For a brief period in time, the friendly rivalry between the York Revolution and Lancaster Barnstormers was put aside.

Even if it was for just 15 minutes during a game at Sovereign Bank Stadium back in May, a Barnstormers' relief pitcher and a young Revs' fan were brought together. And it meant the world to the special fan and his mother and father.

It happened when Lancaster reliever Jason Urquidez, sitting on the benches down the left-field line, scooped up a foul ball and turned around to the stands, where he noticed a small boy sitting on the lap of his mom.

Lancaster Barnstormers reliever Jason Urquidez is shown before Sunday’s Atlantic League game against the York Revolution at Sovereign Bank Stadium.
Lancaster Barnstormers reliever Jason Urquidez is shown before Sunday's Atlantic League game against the York Revolution at Sovereign Bank Stadium. (Randy Flaum photo)

"When I gave him (the boy) the ball he just had this big smile on his face and I could tell that gave him so much joy," Urquidez said Sunday before the series finale between York and Lancaster. "I gave him the ball and could I could tell, I was like 'He's gonna throw this thing,'" Urquidez said. "And he threw it right back onto the field and I said 'I knew that was coming.' And I gave it (the ball) back to him and I went to walk away and then it went through again and I said 'All right, well it looks like I'm playing a game of catch.'"

The boy and Urquidez spent the next 15 minutes playing catch.

"I've been around people going through tough times and just to see the spirit that they have ... as soon as I saw that kid I knew he had gone through some stuff," Urquidez said.

The boy's name is Greyson Walker, and he will have quite a story to tell one day on the number of obstacles he overcame just in the first two years of his young life.

Greyson was brought into this world about two months premature, born septic and with pneumonia -- information his mother, Lindsay, shared with The York Dispatch in a story in June 2012. Greyson would spend the first seven months of his life living in hospitals. Now 2 years and 3 months old, Greyson has battled bronchopulmonary dysplasia, a lung condition, and tracheomalacia, which affects the windpipe. He's fed through a feeding tube and still has oxygen connected to him 24 hours a day, two things he'll hopefully overcome as he grows older.

Hallam’s Greyson Walker is shown in this photo taken about a year ago. He’s now 2 years and 3 months old.
Hallam's Greyson Walker is shown in this photo taken about a year ago. He's now 2 years and 3 months old. (Submitted photo)

He's also one of the happiest boys I've ever been around. Greyson, you see, is the son to Hallam residents Lindsay and Shane Walker, who are family friends of mine. And they still talk about the smile Urquidez brought to Greyson's face that day back in May.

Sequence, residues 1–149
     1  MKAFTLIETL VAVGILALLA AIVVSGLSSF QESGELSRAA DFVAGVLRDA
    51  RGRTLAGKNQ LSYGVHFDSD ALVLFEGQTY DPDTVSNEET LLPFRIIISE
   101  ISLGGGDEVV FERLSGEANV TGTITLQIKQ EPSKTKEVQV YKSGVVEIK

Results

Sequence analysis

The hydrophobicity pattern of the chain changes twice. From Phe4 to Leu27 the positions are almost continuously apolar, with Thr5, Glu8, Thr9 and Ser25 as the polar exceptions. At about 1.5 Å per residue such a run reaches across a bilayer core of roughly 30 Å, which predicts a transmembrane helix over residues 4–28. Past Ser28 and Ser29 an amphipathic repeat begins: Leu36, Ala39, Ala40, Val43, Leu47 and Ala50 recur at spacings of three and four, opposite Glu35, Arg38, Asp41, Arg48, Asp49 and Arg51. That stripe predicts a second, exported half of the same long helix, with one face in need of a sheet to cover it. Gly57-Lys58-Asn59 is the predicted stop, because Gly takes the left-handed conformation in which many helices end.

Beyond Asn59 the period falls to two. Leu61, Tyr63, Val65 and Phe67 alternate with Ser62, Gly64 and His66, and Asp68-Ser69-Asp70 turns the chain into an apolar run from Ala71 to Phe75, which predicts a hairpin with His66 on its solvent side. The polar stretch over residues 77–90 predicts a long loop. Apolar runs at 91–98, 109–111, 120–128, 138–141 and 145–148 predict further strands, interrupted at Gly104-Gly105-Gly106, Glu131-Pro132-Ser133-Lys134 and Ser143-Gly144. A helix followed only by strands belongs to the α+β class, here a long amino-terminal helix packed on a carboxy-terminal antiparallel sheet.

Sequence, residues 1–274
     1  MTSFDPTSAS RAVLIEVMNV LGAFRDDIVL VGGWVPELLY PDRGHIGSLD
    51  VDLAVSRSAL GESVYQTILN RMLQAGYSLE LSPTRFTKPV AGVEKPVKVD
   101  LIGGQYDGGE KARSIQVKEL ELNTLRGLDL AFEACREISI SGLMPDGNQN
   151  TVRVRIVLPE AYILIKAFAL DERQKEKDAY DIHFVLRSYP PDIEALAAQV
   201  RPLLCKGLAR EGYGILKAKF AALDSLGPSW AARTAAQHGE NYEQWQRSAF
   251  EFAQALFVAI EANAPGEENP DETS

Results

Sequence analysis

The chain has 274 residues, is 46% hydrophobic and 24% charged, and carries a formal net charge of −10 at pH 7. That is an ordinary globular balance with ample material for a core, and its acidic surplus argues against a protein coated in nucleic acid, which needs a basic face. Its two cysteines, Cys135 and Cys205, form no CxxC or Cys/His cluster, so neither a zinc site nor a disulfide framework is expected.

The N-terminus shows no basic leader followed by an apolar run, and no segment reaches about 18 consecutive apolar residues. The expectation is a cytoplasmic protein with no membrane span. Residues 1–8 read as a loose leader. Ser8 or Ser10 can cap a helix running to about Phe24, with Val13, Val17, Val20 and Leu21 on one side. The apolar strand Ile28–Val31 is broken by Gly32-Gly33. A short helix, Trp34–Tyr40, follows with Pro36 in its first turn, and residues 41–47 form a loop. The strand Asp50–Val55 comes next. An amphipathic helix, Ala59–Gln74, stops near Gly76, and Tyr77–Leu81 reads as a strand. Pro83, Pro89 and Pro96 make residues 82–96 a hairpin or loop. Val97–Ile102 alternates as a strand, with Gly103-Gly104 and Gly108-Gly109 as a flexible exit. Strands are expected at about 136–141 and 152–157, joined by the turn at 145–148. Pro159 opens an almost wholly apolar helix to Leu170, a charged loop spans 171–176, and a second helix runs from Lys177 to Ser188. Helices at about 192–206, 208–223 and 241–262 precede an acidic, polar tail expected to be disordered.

So why did Urquidez, a former Diamondbacks' and Red Sox prospect, play catch with Greyson?

"Just through the years I've had people write emails to teams and what not saying 'This guy is really nice,'" he said. "But that's just how I live life."

Plus, Urquidez's own obstacles help him connect to people who have been through tough times. The youngest of five boys and three girls growing up in California, Urquidez had two brothers die in a one-week span when he was 11-years-old -- one to lymphona and another to a car accident. One of his sisters came down with scleroderma, a skin condition, from complications of giving birth to an autistic son 15 years ago.

The 6-foot, 2-inch tall right-hander openly talked about missing the second half of the baseball season in his senior year at Royal High School because he was academically ineligible -- an issue he corrected before later playing at NCAA Division I Arizona State University. It also took him two years to regain his velocity on the mound after missing the 2006 season -- his second as a pro -- because of shoulder surgery.

Now in his second season with the Barnstormers, Urquidez is arguably the best reliever in the Atlantic League right now. Sure, he gave up two hits in the bottom of the ninth to York on Sunday night, which tied the game on an unearned run, but it's just the second time in 28 games this season where he's given up a run - both unearned. With those numbers, he shouldn't be in the Atlantic League. No matter where he's at, though, he'll continue to give back to the fans.

"I don't do it for the attention," Urquidez said. "I could tell there's something going on with him (Greyson). The look on his face was priceless."

-- Reach John Walk at jwalk@yorkdispatch.com.